There has been a recent spate of 'How do I add time', 'Convert to Hours and
Minutes' and Bill over 24 Hours and some interesting methods of getting there.
Access97 provides the date field which has some interesting
Setting the date field
If you set a date field as Date + Time, it picks up the current system date and time.
This provides a very simple date stamp for Timesheet applications.
Press the Button and store the current Date and Time in a Datefield.( or a date
Variable).( All these examples are copied from the immediate window of a current Access 97
Dim lsdt as Date (in the Module) and in the immediate debug window
lsdt=Date + Time
? lsdt= 17/02/99 17:10:49. (correct at time of writing)
One DateField can be subtracted from another and the result is the
fraction of the day
14.9999999999999 (ie approx 15 minutes to n/1000ths of a second)
in other words subtract one time from the other to get the arithmetic answer. Add
several of these fractions togther and you get the total time.
29.9999999999998 (Near enough to 30 minutes even if billing as a lawyer!)
If the result is *Under* 24 hours then you can display that total
very simply without any maths using format (x,"Short Time")
which is very useful for billing.
(If your billing rate is £11.50 per hour then your daily rate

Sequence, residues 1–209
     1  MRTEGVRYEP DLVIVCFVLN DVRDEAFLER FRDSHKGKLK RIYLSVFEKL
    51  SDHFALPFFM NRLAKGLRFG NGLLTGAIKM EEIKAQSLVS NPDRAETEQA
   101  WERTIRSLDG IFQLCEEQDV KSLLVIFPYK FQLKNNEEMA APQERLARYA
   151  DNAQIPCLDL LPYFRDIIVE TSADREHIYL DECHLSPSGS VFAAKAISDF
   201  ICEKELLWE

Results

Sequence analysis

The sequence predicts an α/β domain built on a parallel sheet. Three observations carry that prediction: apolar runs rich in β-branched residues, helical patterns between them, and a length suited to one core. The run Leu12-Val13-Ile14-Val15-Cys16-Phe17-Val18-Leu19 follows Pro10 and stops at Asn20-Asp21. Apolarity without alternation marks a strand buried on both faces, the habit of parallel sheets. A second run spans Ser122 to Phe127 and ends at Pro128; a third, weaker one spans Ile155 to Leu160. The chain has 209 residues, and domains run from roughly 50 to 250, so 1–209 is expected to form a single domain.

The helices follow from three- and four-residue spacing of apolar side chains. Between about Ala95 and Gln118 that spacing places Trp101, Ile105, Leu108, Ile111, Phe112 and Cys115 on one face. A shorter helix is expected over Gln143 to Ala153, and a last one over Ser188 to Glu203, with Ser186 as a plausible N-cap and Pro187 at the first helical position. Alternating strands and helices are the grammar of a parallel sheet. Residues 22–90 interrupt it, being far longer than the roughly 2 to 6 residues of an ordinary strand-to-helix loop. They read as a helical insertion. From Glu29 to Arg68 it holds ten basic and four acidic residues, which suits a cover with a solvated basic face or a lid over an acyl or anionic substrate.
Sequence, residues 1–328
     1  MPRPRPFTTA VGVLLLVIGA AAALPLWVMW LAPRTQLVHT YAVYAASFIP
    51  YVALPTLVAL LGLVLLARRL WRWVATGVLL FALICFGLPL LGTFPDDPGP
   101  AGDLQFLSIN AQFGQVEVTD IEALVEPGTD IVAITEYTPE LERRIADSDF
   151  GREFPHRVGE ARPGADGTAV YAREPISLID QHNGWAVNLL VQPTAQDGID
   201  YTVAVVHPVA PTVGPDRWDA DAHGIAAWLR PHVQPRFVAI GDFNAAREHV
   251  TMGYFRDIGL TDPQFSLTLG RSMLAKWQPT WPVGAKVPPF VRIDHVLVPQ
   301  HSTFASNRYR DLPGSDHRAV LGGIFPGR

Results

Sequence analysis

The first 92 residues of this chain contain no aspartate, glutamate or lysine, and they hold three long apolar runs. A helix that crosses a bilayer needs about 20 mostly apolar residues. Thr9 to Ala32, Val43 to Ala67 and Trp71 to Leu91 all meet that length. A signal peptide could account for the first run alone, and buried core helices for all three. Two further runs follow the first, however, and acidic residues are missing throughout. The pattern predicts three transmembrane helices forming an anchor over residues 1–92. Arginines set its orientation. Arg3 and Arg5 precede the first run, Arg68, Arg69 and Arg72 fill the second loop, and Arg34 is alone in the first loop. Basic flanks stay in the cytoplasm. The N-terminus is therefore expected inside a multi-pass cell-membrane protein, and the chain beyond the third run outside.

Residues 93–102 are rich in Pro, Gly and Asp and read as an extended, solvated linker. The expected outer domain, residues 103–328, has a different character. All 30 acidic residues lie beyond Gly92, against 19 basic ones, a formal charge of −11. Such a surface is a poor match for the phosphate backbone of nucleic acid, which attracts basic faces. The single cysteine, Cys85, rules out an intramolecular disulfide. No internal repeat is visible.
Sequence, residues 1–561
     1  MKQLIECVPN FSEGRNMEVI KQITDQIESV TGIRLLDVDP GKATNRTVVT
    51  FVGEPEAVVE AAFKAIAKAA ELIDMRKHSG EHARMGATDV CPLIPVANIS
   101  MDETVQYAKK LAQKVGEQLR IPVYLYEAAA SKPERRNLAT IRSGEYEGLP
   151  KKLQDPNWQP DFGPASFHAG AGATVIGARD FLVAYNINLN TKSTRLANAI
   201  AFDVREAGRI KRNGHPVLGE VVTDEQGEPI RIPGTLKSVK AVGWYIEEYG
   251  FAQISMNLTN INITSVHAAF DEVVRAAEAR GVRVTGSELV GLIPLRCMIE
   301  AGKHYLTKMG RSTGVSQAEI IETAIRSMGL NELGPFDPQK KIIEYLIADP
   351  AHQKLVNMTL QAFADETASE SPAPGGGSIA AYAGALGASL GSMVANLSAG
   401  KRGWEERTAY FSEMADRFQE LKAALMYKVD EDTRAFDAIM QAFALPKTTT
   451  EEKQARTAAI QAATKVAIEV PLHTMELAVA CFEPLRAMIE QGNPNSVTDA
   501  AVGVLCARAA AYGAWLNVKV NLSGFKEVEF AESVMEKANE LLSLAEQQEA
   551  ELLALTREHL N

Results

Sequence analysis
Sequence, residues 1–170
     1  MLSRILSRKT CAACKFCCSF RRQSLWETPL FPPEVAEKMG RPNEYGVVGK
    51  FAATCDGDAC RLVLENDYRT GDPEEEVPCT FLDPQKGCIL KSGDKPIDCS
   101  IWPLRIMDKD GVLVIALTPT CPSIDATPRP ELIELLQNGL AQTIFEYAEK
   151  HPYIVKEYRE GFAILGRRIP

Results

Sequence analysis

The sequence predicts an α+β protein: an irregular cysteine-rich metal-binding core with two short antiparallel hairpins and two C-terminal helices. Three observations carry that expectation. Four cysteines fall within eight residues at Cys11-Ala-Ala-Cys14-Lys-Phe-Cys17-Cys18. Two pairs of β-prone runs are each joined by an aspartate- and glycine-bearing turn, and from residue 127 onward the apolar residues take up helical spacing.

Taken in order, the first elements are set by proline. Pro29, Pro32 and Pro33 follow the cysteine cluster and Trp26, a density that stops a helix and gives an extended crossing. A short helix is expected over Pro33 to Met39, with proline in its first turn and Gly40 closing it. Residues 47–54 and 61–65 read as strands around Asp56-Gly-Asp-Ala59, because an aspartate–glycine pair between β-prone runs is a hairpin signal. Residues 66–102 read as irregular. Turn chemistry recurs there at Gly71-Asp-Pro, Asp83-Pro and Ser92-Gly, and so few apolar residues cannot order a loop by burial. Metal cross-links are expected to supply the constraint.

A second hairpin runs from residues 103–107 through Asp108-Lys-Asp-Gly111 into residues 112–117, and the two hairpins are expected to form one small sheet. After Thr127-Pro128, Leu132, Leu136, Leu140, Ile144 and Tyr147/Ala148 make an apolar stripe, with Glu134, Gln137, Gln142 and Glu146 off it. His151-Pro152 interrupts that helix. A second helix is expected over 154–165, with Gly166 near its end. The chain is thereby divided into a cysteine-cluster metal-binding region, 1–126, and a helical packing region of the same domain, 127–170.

=24*11.50 and your charge for 30 minutes of work is
?24*11.50 * 2.08333333333332E-02
So in one easy to manage datefield you have stored the number of hours worked, one
format statement tells you the 'User-eye view' of the time and one simple calculation
tells you the cost for under 24 hour totals of work.
"Aah! But" I hear you cry, "we have done more than 24 hours of
Simple, if you are adding small increments, here demonstrates 47 halfhours to 49
23.4999999999998 (ie 47 halfhours is 23.5 hours)
23.9999999999999 (24 hours)
24.4999999999999 (24.5 Hours)
now if you are calculating durations (Project managers?) note that you can add this
duration of 24.5 hours to a date and find the end date
In other words, midnight between 30/nov/99 and 01-Dec-99 + 24.5 hours is halfpast
midnight on the 2nd of Dec. (This looks wrong if expressed as midnight 01 Dec 99 but is
The only problem is that there is no quick format to tell you the number of days and
hours if you have gone over the 24.
but it does not take much to test the value is gretaer than one! nor to calculate the
fraction of 24 hours remaining
And if you are working over midnight then
?#02-dec-99 00:30# - #01-dec-99 00:00#
Which is near enough for me at this stage.( The difference is the precision of the
machine when multiplied 49 times)(and 49 halfhours came to 1.0208333333)
REVERSING the Process:
If you are entering time sheets where the Hours and minutes are entered instead of Times
time=hours + minutes
So adding incremental times and timesheets becomes easy!